Since the introduction of distributive energy, the energy system followed a linear model where producers generated energy and and customers consumed. Energy flowed from transmission and distribution networks to feed a growing economy. Today’s energy model has essentially been unchanged since its introduction. This linear model continues to struggle in meeting carbon emission reduction targets and alleviating energy poverty. A recent 2019 Energy Information Administration poll of Ohio households reflected that nearly a third of Ohioan households are struggling to pay their energy costs. The problem extends into small and medium, commercial energy consumers. Interstate and global competition pressures Ohio consumers households and jobs. A large component to these competitive pressures are the direct costs of energy. Energy costs consume large sections of household incomes and business expenditures.
Another component is the additional frustration built by consumers around initiatives like the early 2019 proposal HR6. This legislative initiative was argued to charge all Ohio ratepayers a fee on their monthly bill to subsidize two profitable nuclear power plants. Local energy consumers, small and large, have limited options when it comes to lowering their costs and staying competitive. citizens and organizations alike are frustrated with the lack of options. This encourages public perception that legislation involving energy, pressures representatives for additional rate fees to large centralized energy producers. With these and others, Community leaders, business heads, and government representatives have historically focused a large majority of their efforts in Ohio with competitiveness in conservation.
Conservation is just one side of the coin. Investment in renewable energy sources have serged in Ohio since the decision to begin shuttering coal energy producing centers around the country. Since this decision to shift to more sustainable energy sources, Ohio still generates approximately 59% of its electricity from coal, 24% from natural gas, about 13% from nuclear. Despite continuing investment only 2% of Ohioians receive their electricity from renewable sources such as wind, solar, and hydropower. The large driver for non-growth in renewable energy sources has been the large capital cost and long payback periods on these types of investments.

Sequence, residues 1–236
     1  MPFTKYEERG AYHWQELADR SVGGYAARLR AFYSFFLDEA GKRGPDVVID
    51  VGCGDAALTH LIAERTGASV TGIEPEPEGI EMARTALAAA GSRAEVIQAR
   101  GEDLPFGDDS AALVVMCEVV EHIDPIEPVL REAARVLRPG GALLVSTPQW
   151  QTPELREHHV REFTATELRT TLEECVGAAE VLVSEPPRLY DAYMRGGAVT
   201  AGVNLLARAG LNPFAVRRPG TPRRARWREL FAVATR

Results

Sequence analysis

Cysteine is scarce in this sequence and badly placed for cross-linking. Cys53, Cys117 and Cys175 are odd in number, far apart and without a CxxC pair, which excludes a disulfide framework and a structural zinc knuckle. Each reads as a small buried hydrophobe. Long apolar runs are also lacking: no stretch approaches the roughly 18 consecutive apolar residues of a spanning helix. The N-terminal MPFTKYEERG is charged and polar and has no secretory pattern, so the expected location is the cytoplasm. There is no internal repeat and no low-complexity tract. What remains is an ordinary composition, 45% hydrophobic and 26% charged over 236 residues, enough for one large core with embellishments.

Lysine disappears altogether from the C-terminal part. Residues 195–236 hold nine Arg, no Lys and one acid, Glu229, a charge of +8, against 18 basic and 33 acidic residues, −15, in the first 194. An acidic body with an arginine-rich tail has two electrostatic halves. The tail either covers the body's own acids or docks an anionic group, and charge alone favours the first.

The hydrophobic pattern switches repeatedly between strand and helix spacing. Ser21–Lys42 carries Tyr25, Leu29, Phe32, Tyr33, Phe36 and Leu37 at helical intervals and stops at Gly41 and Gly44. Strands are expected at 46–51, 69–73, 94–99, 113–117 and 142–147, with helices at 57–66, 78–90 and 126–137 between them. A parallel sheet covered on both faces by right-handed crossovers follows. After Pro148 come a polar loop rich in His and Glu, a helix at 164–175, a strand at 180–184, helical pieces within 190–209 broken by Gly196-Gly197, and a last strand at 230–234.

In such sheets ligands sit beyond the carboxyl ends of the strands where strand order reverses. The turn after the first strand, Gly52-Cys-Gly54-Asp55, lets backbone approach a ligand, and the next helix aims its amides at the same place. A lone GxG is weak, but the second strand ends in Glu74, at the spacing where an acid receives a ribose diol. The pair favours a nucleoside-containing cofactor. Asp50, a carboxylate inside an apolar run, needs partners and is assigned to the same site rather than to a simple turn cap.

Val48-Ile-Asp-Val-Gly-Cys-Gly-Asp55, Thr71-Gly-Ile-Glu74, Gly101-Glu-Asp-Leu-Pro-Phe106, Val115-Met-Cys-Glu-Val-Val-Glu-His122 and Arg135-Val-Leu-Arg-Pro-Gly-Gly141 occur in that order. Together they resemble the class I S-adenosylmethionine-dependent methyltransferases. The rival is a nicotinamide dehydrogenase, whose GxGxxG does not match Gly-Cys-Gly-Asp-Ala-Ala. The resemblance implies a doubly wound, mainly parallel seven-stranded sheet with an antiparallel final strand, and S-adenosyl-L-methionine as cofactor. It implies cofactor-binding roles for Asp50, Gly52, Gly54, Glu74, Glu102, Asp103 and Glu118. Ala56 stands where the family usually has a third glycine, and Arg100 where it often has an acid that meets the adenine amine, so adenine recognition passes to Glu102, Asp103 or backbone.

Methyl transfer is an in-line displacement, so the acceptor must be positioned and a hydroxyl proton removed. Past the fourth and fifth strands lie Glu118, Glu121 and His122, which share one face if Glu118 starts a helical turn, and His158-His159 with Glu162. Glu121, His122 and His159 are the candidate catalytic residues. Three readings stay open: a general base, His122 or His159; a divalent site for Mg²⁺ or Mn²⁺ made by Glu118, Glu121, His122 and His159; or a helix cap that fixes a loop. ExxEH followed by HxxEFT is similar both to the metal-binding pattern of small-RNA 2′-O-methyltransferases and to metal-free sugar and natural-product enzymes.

The traditional linear model for energy production, delivery, and use has been centralized, one-way flow, energy production to passive energy consumers. These factors have left the residential user with the options of either continuing to rely on established energy producers to keep costs low or individually invest in renewables such as solar or wind at large capital costs. When the opportunity for a residential power user is available to invest in renewable energy sources, the systems are expensive, complicated, and tie homeowners to technologies which could become obsolete prior to the payback period. Unfortunately, the option to individually invest in off-setting
renewables is often prohibited by zoning regulations and property conditions, particularly in urban and suburban areas.
As outlined here, the complex problem of energy costs and usage for the Ohio energy user is factored by lack of competitive options for energy, the slow-moving pace of investment in renewables, and the complicated and cost prohibited installment of private renewables. However, the energy industry is rapidly changing as emerging technologies such as “designed solar homes, advanced geo-thermal techniques, new battery storage, smart devices, and the expanse of electrical transportation. These emerging technologies are creating the environment for more individual flexibility, visability, and control in not only how energy is produced but also how energy could be delivered, used, and paid.
The effort to solve these sophisticated problems has been the genesis of several innovative grass-root initiatives, organizations, and alternative thinking startups. These new companies and organizations have set their sights on the newest technologies and emerging markets to help solve the problems with energy production, delivery, and payment. Jordan Energy Alternative (JEA) is a hybrid of a silicon valley style tech startup with a clean-energy provider; whose goal is to join the emerging group of organizations, in Ohio, to supply products and services (distributive energy resources) to Ohio customers to reduce energy costs and accelerate the pace towards reliance on clean renewable energy. Given their small scale, relatively low cost and predominantly renewable nature, distributed energy resources represent what many consider to be the best solution for addressing our dual challenge addressing carbon reduction targets and alleviating the energy poverty cycle.